The Foxboro Hot Tubs just finished playing two shows in Austin, TX. View photos, setlist and more for each show: March 14th and March 15th.
When Green Day announced the Reading/Leeds Festival “warm-up” show that they would play at Brixton Academy a little over a week before the event, the relatively unique build up to these ‘last minute’ theatre/club style shows kicked off in earnest. The short notice announcement sent fans into a combination of excitement, panic and delirium as we scrambled for tickets, while turning any plans upside down to make sure of our attendance.

Billie Joe at the Brixton Arena. Photo by Kalpesh Patel
Green Day shows in the UK, and particularly London, tend to grab the attention of the Green Day world on a grand scale. Having played some of their biggest shows here over the last decade (Milton Keynes/Wembley Stadium/The Emirates), the band’s appearances here take on the mantle of a major event. The fact that this particular show coincided with the Birthday of the London born legend Joe Strummer, meant the show took on an extra significance.

Arriving at the venue about an hour before doors opened, I was pretty amazed to find that the queue outside the venue wrapped the entire way around the block where Brixton Academy is situated. Thousands of fans eager to get in and secure the best spots possible, a fair few even camping out over night, a brave effort in one of London’s more precarious areas!

I made my way into the venue around half way through Frank Turner’s (support act) set, with the venue already packed to the rafters and the air of anticipation already palpable. The downward sloping floor in the venue means that almost every position provides an excellent vantage point. In Green Day’s tradition to pay homage to influential bands of yesteryear, the intro music of Queen’s Bohemian Rhapsody and then The Ramones’ Blitzkrieg Bop provided the perfect tonic to get the crowd pumped up for Green Day’s imminent entrance to the stage.

With the band having played mainly festival size shows over the last year, it was a delight to see the band back in a smaller, more intimate, theatre-style setting. Despite Green Day’s ability to rock stadiums, it’s something else seeing them in a smaller indoor setting.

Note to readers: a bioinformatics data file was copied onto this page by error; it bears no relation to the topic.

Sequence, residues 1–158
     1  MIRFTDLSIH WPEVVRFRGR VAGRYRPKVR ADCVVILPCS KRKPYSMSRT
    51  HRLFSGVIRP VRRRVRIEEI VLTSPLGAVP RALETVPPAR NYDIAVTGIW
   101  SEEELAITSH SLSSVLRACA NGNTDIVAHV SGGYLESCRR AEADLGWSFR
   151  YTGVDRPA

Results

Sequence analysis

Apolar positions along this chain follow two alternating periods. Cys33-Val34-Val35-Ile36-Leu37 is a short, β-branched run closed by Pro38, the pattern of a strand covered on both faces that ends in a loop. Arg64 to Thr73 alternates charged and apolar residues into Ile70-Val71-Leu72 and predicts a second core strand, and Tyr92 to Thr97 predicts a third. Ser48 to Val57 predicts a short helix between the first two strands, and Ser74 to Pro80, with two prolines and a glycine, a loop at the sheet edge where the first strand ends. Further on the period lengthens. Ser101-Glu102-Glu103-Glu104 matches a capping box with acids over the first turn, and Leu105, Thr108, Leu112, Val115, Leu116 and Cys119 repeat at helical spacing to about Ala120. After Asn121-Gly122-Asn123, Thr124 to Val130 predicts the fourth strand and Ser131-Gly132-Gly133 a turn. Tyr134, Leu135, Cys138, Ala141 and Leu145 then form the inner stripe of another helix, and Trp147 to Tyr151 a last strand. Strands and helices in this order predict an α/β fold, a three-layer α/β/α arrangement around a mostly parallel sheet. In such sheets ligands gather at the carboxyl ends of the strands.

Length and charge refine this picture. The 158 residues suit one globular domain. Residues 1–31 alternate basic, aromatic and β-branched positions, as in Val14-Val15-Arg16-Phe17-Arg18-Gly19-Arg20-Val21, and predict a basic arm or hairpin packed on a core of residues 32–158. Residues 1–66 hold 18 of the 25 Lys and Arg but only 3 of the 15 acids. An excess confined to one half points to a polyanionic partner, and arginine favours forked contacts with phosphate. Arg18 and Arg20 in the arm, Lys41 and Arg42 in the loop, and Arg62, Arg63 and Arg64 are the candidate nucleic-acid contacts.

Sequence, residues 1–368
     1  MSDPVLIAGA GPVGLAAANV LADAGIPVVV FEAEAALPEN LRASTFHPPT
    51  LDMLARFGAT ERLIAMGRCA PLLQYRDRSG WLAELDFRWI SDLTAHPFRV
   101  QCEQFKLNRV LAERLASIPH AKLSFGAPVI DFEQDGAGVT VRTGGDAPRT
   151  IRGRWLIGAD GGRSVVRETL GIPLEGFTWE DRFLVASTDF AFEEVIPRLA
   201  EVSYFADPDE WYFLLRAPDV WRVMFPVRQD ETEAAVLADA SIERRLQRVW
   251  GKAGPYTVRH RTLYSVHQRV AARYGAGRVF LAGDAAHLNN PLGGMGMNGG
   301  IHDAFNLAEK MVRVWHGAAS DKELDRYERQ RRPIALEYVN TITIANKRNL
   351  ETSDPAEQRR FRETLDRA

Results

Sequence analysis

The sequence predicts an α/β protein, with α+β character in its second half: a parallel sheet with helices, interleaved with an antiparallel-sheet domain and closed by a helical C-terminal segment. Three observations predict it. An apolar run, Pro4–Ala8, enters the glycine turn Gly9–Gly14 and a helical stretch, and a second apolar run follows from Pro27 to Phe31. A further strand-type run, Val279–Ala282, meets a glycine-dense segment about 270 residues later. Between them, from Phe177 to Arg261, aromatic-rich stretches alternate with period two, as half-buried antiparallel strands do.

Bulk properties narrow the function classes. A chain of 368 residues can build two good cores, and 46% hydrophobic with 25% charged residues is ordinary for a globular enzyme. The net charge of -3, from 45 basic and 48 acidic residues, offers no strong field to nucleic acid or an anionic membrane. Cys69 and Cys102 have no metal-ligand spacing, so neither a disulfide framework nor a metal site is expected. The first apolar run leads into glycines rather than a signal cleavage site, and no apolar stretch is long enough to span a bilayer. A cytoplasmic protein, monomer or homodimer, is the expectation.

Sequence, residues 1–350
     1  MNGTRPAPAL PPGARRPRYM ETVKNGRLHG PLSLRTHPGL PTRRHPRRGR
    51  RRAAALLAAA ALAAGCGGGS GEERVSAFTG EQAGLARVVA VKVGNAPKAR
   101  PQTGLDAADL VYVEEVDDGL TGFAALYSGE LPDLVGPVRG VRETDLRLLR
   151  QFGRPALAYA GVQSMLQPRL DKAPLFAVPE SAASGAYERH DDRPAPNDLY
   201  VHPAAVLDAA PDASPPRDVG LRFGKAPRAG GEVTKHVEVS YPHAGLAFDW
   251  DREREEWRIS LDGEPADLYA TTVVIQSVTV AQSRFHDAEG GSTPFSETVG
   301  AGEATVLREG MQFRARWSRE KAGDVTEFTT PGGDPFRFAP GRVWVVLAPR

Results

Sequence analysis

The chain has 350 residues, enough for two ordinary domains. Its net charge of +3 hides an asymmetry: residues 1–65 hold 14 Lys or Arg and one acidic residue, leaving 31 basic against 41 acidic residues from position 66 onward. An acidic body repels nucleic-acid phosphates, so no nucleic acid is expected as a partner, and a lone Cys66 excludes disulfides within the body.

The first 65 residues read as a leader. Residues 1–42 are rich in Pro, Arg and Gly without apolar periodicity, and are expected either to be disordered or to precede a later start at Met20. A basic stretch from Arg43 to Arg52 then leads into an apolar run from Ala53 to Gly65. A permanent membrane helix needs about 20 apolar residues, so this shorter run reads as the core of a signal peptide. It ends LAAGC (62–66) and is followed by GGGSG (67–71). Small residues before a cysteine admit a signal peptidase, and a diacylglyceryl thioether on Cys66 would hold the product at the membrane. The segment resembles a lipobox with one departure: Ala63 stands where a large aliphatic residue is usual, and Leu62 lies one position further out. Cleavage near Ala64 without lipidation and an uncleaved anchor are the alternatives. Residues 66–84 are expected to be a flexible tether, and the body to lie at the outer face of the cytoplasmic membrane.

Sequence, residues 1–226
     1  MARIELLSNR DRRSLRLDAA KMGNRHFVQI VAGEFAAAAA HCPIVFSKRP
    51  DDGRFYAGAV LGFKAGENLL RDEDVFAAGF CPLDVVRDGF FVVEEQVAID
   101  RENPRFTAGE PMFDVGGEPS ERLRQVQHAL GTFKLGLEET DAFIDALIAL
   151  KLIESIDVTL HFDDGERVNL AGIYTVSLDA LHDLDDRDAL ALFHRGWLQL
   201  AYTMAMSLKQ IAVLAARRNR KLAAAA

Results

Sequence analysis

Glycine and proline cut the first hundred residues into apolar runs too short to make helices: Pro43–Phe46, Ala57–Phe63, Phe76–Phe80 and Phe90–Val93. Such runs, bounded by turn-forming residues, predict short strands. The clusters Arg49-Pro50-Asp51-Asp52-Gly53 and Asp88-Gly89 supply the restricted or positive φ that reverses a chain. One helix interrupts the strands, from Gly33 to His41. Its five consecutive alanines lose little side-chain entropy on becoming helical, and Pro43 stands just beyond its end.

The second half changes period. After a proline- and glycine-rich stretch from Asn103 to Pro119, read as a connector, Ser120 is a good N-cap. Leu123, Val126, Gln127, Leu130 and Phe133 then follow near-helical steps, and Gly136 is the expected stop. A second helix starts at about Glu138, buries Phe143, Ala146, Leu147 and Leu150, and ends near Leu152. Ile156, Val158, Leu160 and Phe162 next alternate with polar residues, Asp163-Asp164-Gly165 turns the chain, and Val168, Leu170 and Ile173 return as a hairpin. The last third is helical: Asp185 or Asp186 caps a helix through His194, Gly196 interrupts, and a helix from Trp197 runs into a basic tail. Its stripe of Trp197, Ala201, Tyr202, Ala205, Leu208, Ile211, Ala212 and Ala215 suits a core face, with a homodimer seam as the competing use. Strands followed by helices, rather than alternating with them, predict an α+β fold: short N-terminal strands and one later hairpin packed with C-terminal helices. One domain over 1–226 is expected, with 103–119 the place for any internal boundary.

• View photos from this show

    With their customary high octane delivery, Green Day launched into the tour opening song ‘99 revolutions’, followed by a selection of songs from the tour set list including ‘Know Your Enemy’, ‘Boulevard Of Broken Dreams’, ‘Wake Me Up When September Ends’, ‘Let Yourself Go’ and ‘Stop When The Red Lights Flash’. During the intro to Letterbomb, Billie Joe vented about some of frustrations of the world today, culminating in an emphasis on the importance of enjoying the moment that we were all in right then, something that i think sums up the ethos of the Green Day Live show. It was at this moment as well that Billie fittingly screamed out “Happy Birthday Joe Strummerrrrrr!!!”

    Photo by Steve Higgs
    The highlight in terms of the show was about to come. In the week leading up to the show, Green Day dropped some strong hints on Instagram that they would be performing the entire Dookie album while they were over here. Around the middle of the set, Billie Joe strode out with his “Blue” guitar and announced that with the 20 year anniversary of the album coming up in 2014, they’d be playing the entire album, front to back. Cue raucous cheers from the 5,000 strong crowd. My personal highlight was the semi-acoustic performance of Pulling Teeth, which offered a welcome respite to the fast pace opening to that album, and also saw a moments calm appreciation as Billie Joe grinned while donning a red cowboy hat that was thrown to him from the crowd. There is an excellent video of the entire Dookie performance up on YouTube.

    There was still time for an assortment of classics, including ‘St. Jimmy’, ‘Waiting’ and ‘Minority’. During the encore, I watched the last few songs, including ‘American Idiot’ and ‘Jesus Of Suburbia’, towards the back of the venue, enjoying a broader view of the occasion. It was notable how involved the entire crowd were, right to the very end - a testament to Green Day’s ability to maintain attention throughout a 2-hour-plus set. As someone who has seen them more than their fair share of times, I’m still attracted by their seeming endeavour to make every show better than their last, and this felt like another challenge to their career topping performances.

    As the band took their bow after the chillingly beautiful ‘Brutal Love’, many of the crowd, including myself, began to turn to make their way out, only to be quickly reprised by the return of Billie Joe to play out the indomitable finale, ‘Good Riddance (Time Of Your Life)’. With no future tour dates currently announced after Reading/Leeds, here’s hoping there’s still more to come for the rest of the world to enjoy.

    Watch Green Day perform Dookie at this show

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